Wealth-X, a 4.5-year-old, Singapore-based curator of research on ultra high-net-worth individuals, has raised an undisclosed amount of funding from Insight Venture Partners. The round appears to represent the company’s first institutional financing.
Yomp, a four-year-old, London-based gamification platform designed to boost employee health and well-being, has raised $315,000 in seed funding led by London-based angel investors.
YPlan, a two-year-old, London-based event discovery app that helps people find things to do and a way to buy tickets, has raised $24 million in Series B funding led by previous backers Octopus Investments, Wellington Partners, and General Catalyst Partners. The company has now raised $38 million altogether. As part of its new funding, the company has laid off a number of its direct sales employees and is now building out a new DIY platform. TechCrunch has the story here.
Artis Ventures, a 13-year-old, San Francisco-based early stage venture fund, has raised nearly $52 million for a fund called Artis Ventures II that it began raising last year, shows a new SEC filing. The firm also recently raised a special purpose vehicle called Artis Juicy SPV that we reported on earlier this month. Artis famously invested in YouTube before its acquisition by Google. Its more recent bets include Practice Fusion, a company that offers doctors cloud-based electronic medical records software, and the in vitro meat producer Modern Meadow.
DAG Ventures, the 23-year-old, Palo Alto, Ca.-based venture capital firm, is looking to raise a new, $300 million fund, shows an SEC filing that states that the first sale has yet to occur. The firm had targeted a much larger pool — $500 million — for its fifth fund in 2011. No word on what the firm ultimately raised for that vehicle. It had raised $451 million for its fourth fund in 2008.
Keiretsu Forum, a San Francisco-based network of angel investors, is launching a business accelerator called Keiretsu Ventures. More here.
MediaTek, Taiwan’s largest chip designer, will invest roughly $50 million in a Chinese government fund. MediaTek’s planned investment comes as China’s chip industry is expected to outpace global growth during the rest of this decade. The company is aiming to catch up with Qualcomm in China’s smartphone chip business, where Qualcomm has about half of the market. The EE Times has more here.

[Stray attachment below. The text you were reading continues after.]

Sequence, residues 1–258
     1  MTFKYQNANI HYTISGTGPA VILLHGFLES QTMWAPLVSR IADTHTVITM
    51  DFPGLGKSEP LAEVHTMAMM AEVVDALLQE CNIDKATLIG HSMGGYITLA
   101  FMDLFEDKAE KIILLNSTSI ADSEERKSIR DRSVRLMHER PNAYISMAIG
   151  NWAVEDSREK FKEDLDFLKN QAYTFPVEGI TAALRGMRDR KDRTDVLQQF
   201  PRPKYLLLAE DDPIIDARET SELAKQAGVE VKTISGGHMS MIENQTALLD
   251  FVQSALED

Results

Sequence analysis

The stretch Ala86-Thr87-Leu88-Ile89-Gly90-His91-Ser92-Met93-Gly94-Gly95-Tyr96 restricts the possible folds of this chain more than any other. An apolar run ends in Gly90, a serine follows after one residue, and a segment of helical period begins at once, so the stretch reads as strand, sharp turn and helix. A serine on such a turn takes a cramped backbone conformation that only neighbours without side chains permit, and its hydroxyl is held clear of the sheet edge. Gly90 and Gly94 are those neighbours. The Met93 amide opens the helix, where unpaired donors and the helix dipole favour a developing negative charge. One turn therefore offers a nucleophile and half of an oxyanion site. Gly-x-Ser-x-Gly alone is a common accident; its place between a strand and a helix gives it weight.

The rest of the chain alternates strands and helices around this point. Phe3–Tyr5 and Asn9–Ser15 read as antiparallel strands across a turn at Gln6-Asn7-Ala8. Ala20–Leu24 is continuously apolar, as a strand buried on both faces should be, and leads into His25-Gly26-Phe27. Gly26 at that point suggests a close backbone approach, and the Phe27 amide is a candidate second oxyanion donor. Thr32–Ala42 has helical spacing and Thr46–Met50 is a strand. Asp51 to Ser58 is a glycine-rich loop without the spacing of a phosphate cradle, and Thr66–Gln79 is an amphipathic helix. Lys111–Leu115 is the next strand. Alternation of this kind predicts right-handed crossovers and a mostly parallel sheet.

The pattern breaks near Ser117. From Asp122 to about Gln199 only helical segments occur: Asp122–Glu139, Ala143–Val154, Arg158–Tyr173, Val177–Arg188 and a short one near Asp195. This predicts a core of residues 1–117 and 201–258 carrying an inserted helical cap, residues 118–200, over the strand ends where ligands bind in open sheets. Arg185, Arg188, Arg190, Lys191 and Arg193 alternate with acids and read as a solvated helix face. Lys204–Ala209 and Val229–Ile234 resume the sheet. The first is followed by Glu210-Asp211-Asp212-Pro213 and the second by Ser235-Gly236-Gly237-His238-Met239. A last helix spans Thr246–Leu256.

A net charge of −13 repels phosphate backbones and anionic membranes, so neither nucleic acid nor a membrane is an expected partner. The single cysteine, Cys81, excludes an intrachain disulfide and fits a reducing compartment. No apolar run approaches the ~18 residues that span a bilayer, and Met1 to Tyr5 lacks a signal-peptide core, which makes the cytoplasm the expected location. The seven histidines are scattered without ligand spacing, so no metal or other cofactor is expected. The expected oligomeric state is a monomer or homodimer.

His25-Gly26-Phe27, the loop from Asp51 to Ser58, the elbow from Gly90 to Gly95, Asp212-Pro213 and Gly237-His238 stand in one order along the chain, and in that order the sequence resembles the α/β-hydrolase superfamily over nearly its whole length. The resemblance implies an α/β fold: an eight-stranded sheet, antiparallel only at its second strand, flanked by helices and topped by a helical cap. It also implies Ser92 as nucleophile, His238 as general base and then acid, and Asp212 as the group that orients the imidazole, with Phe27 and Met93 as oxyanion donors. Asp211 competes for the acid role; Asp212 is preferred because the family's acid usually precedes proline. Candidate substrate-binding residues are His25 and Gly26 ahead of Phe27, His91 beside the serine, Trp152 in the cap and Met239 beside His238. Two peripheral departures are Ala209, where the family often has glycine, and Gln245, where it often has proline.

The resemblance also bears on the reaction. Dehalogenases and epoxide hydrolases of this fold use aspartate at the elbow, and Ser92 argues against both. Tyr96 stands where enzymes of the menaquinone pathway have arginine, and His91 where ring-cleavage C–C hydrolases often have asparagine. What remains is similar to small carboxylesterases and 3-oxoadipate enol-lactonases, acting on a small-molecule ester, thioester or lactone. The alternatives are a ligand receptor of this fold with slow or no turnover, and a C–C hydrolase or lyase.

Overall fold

Boston Business Journal profiles Altiostar, a well-funded, 200-person startup that’s just emerging from stealth mode — and already has its sights on an IPO.
Zalando, the large online-only fashion retailer that went public last month on the Frankfurt stock exchange, says it’s on track to make its first annual profit this year. The Financial Times has more here.
BranchOut, a 4.5-year-old, San Francisco-based professional network service that once flourished on Facebook’s platform, is being acquire by 1-Page, an Australian company that sells cloud-based human resources technology, for $2 million in cash, plus stock worth around $4.7. BranchOut had raised $49 million from investors, including Floodgate, Mayfield Fund, Accel Partners, Redpoint Ventures, and Norwest Venture Partners.
LinkSmart, a five-year-old, Boulder, Co.-based real-time bidding engine for brands and marketers to programmatically connect their content with publishers, has been acquired by the startup VigLink for an undisclosed amount. LinkSmart had raised $9.7 million from investors, including Costanoa Venture Capital and Foundry Group (which just joined VigLink’s newest round).
Whoa. Netflix says former executive Mike Kail collected around $500,000 in kickbacks from vendors he helped connect to the streaming video company. Now Netflix is suing Kail, who was appointed Yahoo’s chief information officer in August. (Quel scandale.) Recode has the story here.
Oops: After threatening hacker Fidel Salinas with 440 years, prosecutors have settled for a misdemeanor. Wired has more here.
NBC Universal network SyFy ha green-lit a new, six-episode series that will follow teams of startups through two Silicon Valley accelerator programs: 500 Startups and Highway 1. Let’s hope it isn’t as intensely boring as it sounds (no offense to the participants intended).
Vladimir Vapnik, credited with coming up with the first support vector machine (SVM) algorithm, has joined Facebook. SVMs are widely used today for machine learning purposes. VentureBeat has more here.
Can’t get enough of Mark Zuckerberg? You are in luck. Facebook has scheduled another public Q&A with him on December 11 at 2 pm. PST.
Tumblr has overtaken Instagram as the fastest-growing social platform in the world, and Snapchat is the fastest-growing app, according to new research from the Global Web Index. TechCrunch has more here.
San Francisco’s “ultra-rich” population jumped 12 percent this year, pushing it past Los Angeles as the California home to the most residents worth $30 million or more. The survey, by the research firm Wealth-X in partnership with Swiss banking giant UBS, says San Francisco has 5,460 ultra-rich residents, up from 4,840 a year ago. Los Angeles has 5,135, up 4 percent from 4,945.
Andreessen Horowitz still appears to be in the market for both a consumer and an enterprise partner.
Twitter introduces “Offers” to drive online, and offline, shopping.
How startups are transforming major cities, in time-lapse maps.
The hipster business name generator. (H/T: GMSV)
Terrible predictions. (H/T: Chris Dixon)
What surfing at 1000 frames per second looks like.
Another reason to feel thankful this week: You probably weren’t one of these people.
The unofficial Goldman Sachs holiday gift guide for 2014.
Thanksgiving travelers are expected to put away nearly 1 million Cinnabons between today and Sunday. If you think this might describe you, we wish you safe travels and good luck.:)